Interfaith group active at UNFCCC conferences response to the postponement of the COP26 - 22nd of April, Earth Day
As faith-based organisations and movements calling for fair and just policies able to tackle the climate emergency, we understand and support the UNFCCC decision to postpone COP26 in light of the current COVID-19 pandemic that is affecting the whole of humanity. We nevertheless call on ourselves and on all stakeholders to not delay ambitious and urgent climate action.
We see the trauma, anxiety, vulnerability and loss of life around the world caused by the COVID-19 pandemic, especially among already vulnerable communities. We are appalled by the increase in human rights violations, including racism, extreme surveillance, xenophobia, misuses of emergency powers and domestic violence.
We remain hopeful as we see people of all faiths and across all borders rising to a powerful call of solidarity, kindness, and support, adjusting our lives for the greater good, looking into creative and simple solutions to show care for one another. We also witness more time for reflection.
We proclaim loudly that we were already living in a state of emergency prior to COVID-19. We have a responsibility to ensure we do not return to behaviours which, as the current crisis has shown, leave the vast majority extremely vulnerable to hardship and suffering after only a few weeks of economic stagnation. Here we see the role of faith in learning from the COVID-19 crisis and to advocate for a just recovery to build a healthier future where the human family lives in a way that respects nature and Mother Earth on which we all depend.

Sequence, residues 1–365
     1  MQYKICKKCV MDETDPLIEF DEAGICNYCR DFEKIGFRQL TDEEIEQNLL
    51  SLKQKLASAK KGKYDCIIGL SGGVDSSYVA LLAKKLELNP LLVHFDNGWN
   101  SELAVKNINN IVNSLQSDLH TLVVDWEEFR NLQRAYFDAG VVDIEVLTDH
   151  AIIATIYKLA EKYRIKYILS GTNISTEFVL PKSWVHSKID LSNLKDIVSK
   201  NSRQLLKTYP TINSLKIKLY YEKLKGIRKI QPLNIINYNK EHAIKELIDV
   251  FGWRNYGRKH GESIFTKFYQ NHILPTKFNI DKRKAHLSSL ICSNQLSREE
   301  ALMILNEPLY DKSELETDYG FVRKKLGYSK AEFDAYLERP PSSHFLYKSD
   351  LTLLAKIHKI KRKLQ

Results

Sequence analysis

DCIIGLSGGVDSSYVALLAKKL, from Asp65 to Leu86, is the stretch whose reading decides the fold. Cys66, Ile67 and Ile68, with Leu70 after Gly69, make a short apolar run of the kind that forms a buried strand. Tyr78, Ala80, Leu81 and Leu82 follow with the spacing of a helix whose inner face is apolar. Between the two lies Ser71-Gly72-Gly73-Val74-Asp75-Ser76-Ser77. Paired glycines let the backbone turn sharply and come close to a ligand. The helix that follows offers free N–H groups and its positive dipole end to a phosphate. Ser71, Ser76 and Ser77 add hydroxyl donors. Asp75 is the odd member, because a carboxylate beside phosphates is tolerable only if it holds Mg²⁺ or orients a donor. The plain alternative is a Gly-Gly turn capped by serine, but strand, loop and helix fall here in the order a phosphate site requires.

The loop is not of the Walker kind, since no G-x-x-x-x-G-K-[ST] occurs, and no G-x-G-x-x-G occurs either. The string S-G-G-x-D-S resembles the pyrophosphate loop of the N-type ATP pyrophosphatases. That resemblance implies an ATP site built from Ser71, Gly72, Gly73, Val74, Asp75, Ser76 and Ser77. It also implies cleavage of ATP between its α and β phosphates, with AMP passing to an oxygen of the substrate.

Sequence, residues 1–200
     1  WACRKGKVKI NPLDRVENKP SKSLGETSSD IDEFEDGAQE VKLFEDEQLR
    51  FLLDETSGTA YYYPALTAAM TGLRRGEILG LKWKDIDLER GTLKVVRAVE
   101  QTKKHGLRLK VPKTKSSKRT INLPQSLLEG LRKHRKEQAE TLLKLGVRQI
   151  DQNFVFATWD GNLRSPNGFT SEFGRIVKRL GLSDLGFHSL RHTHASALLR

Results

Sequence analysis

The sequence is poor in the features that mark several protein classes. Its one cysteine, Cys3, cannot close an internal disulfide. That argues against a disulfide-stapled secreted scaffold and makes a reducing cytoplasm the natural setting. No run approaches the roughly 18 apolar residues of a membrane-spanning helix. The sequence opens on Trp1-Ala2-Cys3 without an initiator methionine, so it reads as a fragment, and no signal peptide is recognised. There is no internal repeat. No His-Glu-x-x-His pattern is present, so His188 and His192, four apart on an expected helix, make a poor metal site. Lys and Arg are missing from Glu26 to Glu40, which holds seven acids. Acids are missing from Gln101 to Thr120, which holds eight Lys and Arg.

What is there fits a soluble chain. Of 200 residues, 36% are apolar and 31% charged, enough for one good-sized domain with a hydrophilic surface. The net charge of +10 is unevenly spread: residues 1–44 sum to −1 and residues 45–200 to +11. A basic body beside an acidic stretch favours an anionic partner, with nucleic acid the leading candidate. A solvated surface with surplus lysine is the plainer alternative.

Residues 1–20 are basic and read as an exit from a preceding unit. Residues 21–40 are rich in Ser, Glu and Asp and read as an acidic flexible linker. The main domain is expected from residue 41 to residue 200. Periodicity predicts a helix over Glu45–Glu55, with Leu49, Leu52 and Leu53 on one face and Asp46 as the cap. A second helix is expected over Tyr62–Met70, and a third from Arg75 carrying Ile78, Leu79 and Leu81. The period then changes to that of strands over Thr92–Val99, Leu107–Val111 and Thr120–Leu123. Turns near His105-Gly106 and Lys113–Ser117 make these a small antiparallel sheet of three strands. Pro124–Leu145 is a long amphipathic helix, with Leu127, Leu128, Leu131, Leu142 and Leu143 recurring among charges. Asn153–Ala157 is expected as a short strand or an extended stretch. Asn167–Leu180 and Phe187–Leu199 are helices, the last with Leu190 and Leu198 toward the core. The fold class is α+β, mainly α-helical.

The choices we now make will shape our society for years and it is crucial that efforts to rebuild economies put people’s health before profit. Governments have pledged extraordinary amounts of money to prevent economic disasters because of this pandemic, but that money must not be used to finance future environmental degradation. We must not return to relaunching fossil fuel subsidies and unhealthy consumption patterns. The plans for a just recovery from COVID-19 must take into account the necessary measures to tackle climate change with a managed, planned and fair approach. We call for a rebuilding which upholds the human rights, health and wellbeing of citizens as critical to the stability and security of all countries.
We are moved by our faiths to see beyond this moment of fear and call on solidarity, community action and moral courage. We call on the UNFCCC, all governments and all people, to build a sustainable, just and healthy society that is resilient in times of crises such as COVID-19 and climate change, and to act early enough to prevent greater hardship and suffering in the future. This is the time to create a healthier and more resilient society together.
The Interfaith Liaison Committee to the United Nations Framework Convention on Climate Change